What is it that instills fear into your heart?
Frequently, escape room companies make use of the idea of fear in some way to liven up the experience. For some, this is enticing: the concept of someone or something scaring the pants off them while trying to decipher codes and find clues is just the motivation they need to get out.
Fear is one of the most innate responses to adverse environmental stimuli. We are designed to be afraid of things that pose a threat to us and our well-being. We are conditioned to have adverse reactions to fearful things. It’s why various types of phobias exist in the human race. One of our more common fears is darkness, or more broadly, the unknown. A big reason why this is the case is that we are knowledge seekers, constantly striving to figure things out, make new inventions, and thus have a more complete understanding of the world around us.
A famous example of this is the movie Jaws, specifically the original. The entire film is 2 hours and 10 minutes (130 minutes) long, and the shark was only on screen for 4 minutes. FOUR MINUTES! Yet it is considered one of the greatest horror films to date. It truly takes advantage of our hardwired fear of the unknown.
The most common question we game masters get asked about our rooms is, “How scary is it?” A good rule of thumb to measure the room’s frightfulness is whether live actors are in the room with you, but this is far from an ironclad rule. You can also ask the employees what kinds of things to expect without being spoiled about the room or looking at reviews of the room. However, the best method of assessing a room’s fear factor is hearing it from someone you know. Have someone you trust (who’s willing to do so) play the room before you do, and ask them what they thought of it and if they think you can handle it.
You’ll find that those who report that they like scary rooms find much enjoyment in the experience. The Weeping Witch is one of my favorite escape rooms because of the creative puzzles and the frightfulness. But this isn’t because I lack fear; I am more often the more fearful one of the group, but I am still willing to be the first one to go into a dark space or walk through an unlit path. I’ve learned that I can’t think fear out of my head, but taking action despite my fear dispels it. Then when we escape and make it out, it’s more gratifying than a non-scary room because, despite being terrified, I pushed on, conquered my fear, and successfully escaped!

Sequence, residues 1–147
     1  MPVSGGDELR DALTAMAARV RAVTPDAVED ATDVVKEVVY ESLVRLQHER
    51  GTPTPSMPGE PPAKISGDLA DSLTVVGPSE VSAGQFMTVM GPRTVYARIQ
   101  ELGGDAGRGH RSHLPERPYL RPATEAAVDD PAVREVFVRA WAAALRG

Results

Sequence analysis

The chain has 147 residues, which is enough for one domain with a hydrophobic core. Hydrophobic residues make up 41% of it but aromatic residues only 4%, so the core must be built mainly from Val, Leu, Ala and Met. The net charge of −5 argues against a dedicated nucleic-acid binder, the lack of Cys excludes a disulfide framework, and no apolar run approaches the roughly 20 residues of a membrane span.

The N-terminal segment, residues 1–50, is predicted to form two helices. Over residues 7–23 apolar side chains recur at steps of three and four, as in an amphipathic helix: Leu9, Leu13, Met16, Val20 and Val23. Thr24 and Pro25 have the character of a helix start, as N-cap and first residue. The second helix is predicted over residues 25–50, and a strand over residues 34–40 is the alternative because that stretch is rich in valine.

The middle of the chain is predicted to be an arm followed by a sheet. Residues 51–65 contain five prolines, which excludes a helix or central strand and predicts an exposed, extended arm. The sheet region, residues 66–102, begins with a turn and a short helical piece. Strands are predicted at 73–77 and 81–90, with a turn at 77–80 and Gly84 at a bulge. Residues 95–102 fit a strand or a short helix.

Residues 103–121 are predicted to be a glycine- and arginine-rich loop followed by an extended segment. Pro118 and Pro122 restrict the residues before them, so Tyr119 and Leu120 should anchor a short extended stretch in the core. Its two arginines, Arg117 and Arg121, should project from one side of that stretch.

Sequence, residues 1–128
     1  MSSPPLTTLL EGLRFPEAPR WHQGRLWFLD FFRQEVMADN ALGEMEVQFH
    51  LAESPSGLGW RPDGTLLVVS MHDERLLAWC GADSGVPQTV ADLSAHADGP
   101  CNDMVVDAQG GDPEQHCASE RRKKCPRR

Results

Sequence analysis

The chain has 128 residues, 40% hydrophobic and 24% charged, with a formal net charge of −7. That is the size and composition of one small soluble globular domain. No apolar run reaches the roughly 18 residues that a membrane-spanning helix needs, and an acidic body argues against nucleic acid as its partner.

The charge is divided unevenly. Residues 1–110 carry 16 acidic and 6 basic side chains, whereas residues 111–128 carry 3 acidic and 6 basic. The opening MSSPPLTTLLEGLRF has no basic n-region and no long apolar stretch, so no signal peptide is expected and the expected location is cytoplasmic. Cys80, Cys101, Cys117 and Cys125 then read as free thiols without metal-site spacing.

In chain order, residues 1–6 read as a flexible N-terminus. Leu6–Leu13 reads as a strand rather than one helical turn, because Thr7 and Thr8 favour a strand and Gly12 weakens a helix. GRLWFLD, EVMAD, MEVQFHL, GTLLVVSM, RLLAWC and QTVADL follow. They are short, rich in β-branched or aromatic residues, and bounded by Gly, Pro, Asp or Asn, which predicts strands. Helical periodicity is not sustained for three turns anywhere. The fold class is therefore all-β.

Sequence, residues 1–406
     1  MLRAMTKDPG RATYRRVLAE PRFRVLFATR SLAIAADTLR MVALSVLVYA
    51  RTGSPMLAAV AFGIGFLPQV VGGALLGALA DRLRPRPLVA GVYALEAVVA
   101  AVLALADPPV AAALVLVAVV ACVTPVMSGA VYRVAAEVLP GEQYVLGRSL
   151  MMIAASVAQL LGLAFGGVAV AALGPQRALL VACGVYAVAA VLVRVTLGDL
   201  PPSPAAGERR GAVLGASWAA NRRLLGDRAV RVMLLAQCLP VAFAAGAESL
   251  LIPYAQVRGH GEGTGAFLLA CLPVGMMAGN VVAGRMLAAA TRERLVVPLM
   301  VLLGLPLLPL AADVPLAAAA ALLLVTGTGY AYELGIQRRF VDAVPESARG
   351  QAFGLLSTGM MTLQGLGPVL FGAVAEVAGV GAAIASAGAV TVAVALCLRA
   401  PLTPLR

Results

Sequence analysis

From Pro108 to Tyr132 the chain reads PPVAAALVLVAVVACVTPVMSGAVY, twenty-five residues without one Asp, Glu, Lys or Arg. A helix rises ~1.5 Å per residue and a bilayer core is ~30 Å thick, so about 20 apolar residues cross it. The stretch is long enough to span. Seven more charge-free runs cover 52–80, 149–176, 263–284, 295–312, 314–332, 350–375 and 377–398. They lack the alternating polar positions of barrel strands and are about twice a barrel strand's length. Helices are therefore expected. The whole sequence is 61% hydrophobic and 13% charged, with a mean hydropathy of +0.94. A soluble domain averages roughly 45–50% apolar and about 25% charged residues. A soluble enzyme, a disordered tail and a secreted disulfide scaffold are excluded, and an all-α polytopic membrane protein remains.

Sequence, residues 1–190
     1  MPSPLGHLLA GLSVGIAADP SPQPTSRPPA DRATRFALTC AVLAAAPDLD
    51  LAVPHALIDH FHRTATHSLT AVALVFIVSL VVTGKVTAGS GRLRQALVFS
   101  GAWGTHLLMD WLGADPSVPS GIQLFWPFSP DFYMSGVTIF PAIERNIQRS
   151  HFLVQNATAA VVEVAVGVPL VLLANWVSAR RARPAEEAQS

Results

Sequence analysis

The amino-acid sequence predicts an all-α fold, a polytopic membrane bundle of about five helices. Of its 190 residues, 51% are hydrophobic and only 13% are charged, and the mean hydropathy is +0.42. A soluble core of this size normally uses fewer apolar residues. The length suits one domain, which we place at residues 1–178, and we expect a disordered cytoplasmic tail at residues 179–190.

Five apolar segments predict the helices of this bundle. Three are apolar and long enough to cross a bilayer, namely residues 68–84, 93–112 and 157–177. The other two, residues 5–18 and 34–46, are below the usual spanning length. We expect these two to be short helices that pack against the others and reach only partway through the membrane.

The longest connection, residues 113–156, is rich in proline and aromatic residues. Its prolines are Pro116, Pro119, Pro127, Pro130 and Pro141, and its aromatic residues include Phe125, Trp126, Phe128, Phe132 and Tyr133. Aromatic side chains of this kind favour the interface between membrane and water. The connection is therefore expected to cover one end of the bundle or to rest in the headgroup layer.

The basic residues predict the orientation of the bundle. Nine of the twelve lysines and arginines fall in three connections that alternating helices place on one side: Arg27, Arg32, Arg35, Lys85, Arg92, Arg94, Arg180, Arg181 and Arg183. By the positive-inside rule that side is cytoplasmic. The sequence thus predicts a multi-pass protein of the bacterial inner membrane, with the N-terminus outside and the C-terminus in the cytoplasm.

More often than not, it is worth doing a scarier room because of the atmosphere and the story the company is conveying. But people who skip out on scary rooms miss out on the fantastic puzzles, exciting discoveries, and fun times the space provides. Two of our rooms, The Hex Room and The Weeping Witch, are scary in their own right. The Hex Room has a creepy ambiance: sporadic, unnerving noises are heard throughout the game, coupled with being physically separated from one another, but not much when it comes to being blatantly scary. The Weeping Witch has a live actor inside the game, and they will be doing their best to scare you, so be mindful of that before you decide to play it.
So, what should you do to combat your fear of the unknown? Remind yourself that this is all orchestrated and purposeful. Like a scary rollercoaster, it is meticulously designed to feel scary but isn’t genuinely life-threatening. Conceptually, they are pretty similar, except escape rooms carry even less risk so that you can enjoy the space to the fullest! If you have pre-existing health conditions or are prone to panic/anxiety attacks, enter a scary room at your own risk and check with the company if they recommend you do a frightening room you’re interested in. We always want the most people possible to have fun and experience our rooms, but we first and foremost value the safety of the players for every game. Alert a staff member if you have concerns of any kind, and they will be happy to address them.